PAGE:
It is well known indeed that clinician’s adherence to protocols and guidelines is often limited (Castella et al. 2006; Grover et al. 2007; Rello et al. 2007; Rello et al. 2002; Ricart et al. 2003; Rickard et al. 2004; Rubinson et al. 2005; Sinuff et al. 2007; Vandijck et al. 2007). Among nurses, examples of non-compliance with evidence-based recommendations for infection prevention and infection control abound, as do self-reported barriers to adherence (Rello et al. 2007; Ricart et al. 2003; Rickard et al. 2004). Optimisation of guideline uptake and compliance is a complex process that requires insight in theories of behaviour change, and in the local potential facilitators and barriers related to adherence. Recently, a European study investigating ICU nurses’ knowledge of evidence-based guidelines for preventing VAP, central venous catheter-related infection and surgical site infection found the overall mean scores to be as low as 45.1%, 44.4% and 29.0% respectively, suggesting poor guideline knowledge to be a potential barrier to guideline adherence (Blot et al. 2007; Labeau et al. 2008; Labeau et al. 2009a; Labeau et al. 2009b). Although guideline knowledge does not guarantee adherence, logically, one cannot adhere to guidelines of which he/she does not know the contents. As such, interactive educational initiatives may be considered as first and crucial elements of multifaceted programmes that target the implementation of interventions for infection prevention and infection control in the ICU.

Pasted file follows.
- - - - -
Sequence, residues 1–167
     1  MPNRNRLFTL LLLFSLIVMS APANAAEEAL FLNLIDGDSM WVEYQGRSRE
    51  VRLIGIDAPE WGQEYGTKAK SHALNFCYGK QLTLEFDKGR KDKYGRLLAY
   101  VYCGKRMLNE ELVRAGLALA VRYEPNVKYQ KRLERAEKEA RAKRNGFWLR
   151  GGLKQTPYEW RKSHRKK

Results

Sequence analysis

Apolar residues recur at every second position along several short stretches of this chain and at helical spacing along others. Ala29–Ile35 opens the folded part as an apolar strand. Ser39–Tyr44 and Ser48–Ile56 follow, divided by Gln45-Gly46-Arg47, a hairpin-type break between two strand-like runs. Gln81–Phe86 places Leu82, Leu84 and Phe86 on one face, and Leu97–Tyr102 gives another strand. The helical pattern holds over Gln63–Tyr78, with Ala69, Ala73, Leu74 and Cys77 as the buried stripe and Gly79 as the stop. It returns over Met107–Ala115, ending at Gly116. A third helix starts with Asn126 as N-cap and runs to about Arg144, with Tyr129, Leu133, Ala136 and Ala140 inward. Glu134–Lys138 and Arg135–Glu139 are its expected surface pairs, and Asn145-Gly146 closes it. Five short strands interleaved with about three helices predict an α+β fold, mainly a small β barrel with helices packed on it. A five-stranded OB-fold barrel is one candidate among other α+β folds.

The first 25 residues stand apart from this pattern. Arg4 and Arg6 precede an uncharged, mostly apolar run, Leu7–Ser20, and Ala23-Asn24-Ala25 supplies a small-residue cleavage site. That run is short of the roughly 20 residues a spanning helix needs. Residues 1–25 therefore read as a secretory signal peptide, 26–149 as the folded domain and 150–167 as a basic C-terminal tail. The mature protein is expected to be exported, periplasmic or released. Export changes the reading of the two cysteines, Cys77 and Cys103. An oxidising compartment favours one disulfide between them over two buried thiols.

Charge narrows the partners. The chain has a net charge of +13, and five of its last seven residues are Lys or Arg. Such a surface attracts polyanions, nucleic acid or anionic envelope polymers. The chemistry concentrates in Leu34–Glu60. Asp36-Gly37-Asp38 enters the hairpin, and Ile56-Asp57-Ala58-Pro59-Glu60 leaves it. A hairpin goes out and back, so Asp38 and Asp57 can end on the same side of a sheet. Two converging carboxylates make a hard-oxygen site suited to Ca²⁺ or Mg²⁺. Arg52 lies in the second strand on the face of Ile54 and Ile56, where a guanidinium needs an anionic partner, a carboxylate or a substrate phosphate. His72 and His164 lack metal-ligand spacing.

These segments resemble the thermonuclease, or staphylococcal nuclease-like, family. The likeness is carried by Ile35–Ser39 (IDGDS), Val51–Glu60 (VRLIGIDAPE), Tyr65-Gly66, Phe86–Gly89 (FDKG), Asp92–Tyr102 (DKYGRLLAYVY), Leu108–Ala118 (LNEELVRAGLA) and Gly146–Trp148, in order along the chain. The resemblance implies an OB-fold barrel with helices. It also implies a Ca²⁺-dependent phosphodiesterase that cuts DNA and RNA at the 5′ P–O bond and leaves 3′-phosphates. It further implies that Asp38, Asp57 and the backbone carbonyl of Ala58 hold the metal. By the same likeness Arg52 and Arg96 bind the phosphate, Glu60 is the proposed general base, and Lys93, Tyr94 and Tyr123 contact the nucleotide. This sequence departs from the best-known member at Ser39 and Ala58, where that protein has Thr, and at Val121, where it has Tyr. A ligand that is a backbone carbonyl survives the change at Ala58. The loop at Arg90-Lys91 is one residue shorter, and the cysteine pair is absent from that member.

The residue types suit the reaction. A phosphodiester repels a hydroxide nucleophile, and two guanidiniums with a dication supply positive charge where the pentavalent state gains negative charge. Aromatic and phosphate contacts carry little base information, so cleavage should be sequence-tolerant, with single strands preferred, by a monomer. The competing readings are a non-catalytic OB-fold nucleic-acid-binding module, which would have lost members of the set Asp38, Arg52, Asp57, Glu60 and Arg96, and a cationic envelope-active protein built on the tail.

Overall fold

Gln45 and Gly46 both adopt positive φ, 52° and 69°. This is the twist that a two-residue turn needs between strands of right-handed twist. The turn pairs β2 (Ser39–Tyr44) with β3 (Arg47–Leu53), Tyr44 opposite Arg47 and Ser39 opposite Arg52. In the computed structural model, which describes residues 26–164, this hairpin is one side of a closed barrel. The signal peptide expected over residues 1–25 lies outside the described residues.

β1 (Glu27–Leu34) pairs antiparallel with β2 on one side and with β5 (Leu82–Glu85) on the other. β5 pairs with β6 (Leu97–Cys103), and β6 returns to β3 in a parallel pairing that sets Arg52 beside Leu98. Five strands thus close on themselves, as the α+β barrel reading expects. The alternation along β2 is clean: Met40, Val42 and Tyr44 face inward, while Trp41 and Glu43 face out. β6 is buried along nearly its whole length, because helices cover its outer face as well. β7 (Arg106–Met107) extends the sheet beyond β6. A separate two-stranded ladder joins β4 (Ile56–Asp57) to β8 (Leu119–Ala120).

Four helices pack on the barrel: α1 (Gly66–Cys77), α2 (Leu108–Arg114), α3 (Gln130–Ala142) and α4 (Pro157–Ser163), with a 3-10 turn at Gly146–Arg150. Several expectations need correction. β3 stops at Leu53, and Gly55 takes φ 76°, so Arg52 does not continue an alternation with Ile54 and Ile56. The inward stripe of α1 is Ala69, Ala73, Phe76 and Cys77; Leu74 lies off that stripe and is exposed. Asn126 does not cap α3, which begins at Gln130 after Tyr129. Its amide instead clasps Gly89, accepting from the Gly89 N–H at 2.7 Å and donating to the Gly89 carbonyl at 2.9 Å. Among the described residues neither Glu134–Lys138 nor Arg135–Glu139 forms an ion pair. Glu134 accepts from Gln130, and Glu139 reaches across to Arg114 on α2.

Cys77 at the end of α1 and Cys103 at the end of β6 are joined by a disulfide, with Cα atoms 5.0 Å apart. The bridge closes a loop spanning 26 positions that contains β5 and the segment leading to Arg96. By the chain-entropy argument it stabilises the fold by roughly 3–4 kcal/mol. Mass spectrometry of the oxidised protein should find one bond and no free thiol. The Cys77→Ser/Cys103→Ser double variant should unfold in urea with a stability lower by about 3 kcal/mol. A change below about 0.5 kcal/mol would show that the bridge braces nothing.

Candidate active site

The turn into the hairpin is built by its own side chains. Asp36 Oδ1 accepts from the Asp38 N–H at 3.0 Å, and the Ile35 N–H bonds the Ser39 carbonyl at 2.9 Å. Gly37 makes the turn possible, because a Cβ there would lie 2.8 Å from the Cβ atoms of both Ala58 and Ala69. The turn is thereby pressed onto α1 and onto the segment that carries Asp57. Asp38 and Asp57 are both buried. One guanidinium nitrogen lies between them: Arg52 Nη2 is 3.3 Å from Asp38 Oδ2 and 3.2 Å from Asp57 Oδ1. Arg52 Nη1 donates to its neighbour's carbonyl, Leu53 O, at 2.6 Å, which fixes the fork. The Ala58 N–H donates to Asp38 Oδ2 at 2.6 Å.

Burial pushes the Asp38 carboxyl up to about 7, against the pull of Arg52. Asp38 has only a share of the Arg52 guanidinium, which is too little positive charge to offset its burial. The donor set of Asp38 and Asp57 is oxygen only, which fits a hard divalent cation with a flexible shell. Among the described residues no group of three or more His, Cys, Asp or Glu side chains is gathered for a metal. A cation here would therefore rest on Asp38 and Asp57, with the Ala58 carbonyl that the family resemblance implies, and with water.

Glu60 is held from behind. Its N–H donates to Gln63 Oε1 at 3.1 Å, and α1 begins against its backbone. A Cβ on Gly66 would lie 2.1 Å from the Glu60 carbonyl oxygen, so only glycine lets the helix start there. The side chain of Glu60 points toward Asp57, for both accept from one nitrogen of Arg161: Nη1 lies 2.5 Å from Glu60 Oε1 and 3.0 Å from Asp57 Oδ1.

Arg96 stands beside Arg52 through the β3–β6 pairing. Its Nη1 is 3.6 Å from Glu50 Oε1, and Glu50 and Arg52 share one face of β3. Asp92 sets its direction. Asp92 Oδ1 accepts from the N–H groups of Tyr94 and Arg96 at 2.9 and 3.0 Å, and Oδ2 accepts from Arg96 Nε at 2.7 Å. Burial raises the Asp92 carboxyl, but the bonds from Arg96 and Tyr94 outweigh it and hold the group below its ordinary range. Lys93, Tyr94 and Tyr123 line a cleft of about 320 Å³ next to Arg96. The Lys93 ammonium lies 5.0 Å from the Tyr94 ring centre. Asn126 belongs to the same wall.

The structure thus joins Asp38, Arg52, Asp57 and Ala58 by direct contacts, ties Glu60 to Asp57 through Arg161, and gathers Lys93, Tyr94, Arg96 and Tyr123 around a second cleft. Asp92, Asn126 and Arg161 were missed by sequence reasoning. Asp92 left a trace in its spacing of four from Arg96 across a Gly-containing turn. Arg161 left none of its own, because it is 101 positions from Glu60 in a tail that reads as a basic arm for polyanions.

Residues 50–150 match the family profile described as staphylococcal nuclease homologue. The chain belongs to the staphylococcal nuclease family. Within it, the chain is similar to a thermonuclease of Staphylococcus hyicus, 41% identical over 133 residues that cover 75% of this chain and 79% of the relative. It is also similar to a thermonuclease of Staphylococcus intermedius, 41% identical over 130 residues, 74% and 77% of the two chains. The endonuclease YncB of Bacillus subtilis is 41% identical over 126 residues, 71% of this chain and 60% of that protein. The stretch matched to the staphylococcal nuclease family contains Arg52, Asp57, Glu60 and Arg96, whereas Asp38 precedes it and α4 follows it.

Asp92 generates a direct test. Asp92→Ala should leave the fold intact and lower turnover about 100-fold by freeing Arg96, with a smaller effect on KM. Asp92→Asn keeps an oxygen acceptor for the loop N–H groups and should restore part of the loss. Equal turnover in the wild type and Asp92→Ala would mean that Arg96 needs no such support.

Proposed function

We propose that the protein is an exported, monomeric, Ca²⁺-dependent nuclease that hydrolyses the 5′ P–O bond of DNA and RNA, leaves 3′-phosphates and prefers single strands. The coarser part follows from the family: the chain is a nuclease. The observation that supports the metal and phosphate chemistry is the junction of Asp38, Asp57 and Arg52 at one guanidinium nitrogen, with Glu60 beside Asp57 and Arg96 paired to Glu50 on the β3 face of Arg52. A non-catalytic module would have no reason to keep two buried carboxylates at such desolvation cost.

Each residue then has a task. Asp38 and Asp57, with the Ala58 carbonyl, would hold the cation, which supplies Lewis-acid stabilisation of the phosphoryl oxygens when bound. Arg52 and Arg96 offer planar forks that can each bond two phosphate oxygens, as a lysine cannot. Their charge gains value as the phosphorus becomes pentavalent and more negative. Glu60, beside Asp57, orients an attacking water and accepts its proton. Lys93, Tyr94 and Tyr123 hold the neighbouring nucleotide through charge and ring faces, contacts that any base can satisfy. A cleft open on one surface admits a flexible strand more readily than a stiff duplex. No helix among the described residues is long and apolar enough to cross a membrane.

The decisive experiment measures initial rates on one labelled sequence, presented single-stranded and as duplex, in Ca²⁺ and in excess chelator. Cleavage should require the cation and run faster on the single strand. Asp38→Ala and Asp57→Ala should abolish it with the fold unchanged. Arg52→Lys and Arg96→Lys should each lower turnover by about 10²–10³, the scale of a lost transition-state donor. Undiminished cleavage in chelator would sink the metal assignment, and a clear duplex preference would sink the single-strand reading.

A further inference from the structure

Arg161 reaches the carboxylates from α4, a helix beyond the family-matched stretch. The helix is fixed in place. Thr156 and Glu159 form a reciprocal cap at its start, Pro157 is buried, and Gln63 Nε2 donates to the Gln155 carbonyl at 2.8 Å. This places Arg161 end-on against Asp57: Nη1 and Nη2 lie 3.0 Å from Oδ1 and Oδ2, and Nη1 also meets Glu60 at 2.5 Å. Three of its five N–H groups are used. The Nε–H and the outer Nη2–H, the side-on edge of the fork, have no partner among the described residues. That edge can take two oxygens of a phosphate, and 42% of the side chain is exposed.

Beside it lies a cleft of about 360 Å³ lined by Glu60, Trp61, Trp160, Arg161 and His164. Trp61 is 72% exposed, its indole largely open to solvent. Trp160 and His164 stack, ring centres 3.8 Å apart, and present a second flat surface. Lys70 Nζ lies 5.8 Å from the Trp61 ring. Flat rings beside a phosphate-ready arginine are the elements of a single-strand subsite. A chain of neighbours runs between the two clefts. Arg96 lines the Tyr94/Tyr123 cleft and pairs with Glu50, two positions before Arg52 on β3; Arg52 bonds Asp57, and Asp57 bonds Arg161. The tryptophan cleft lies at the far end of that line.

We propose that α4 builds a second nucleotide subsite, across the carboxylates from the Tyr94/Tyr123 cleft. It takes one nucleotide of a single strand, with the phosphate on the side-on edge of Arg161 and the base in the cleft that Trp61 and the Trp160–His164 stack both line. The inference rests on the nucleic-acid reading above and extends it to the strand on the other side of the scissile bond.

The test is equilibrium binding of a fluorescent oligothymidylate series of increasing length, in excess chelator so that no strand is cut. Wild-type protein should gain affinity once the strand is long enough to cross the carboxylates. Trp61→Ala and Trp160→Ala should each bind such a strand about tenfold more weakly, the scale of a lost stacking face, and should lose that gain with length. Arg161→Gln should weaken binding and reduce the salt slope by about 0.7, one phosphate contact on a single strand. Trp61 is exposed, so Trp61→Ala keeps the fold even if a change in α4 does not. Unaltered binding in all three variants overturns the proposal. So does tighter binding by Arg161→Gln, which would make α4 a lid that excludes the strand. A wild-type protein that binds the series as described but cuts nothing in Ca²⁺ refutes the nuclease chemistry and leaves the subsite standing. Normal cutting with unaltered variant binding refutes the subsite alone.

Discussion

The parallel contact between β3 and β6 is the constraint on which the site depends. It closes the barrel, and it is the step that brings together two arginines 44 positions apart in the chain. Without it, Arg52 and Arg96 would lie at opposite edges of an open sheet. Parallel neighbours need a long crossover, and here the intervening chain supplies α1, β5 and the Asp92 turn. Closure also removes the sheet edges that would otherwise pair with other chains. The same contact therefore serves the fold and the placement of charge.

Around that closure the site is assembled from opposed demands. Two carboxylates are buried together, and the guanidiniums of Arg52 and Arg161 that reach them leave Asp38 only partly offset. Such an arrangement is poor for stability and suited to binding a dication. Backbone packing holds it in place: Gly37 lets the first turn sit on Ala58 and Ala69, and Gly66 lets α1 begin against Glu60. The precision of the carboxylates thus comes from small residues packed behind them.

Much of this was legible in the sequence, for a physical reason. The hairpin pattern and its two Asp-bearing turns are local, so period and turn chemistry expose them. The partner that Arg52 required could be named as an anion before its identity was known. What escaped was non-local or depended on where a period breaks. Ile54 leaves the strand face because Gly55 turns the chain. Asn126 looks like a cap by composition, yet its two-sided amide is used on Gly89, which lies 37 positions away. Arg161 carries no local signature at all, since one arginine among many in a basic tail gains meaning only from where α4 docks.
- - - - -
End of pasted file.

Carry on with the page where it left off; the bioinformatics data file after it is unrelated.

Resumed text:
Implementation of change is known to be challenging. Especially when a permanent change in nurses’ well-established routine care is intended, sustained efforts and a multidisciplinary collaboration are basic prerequisites to success.


Until today, it is not fully understood which implementation strategies are more likely to be successful, but there is a general consensus that multifaceted programmes targeting different barriers to change are more effective than single interventions (Grimshaw et al. 2001). Still, little information is available to guide the choice, or optimise the components of such complex programmes in practice (Prior et al. 2008).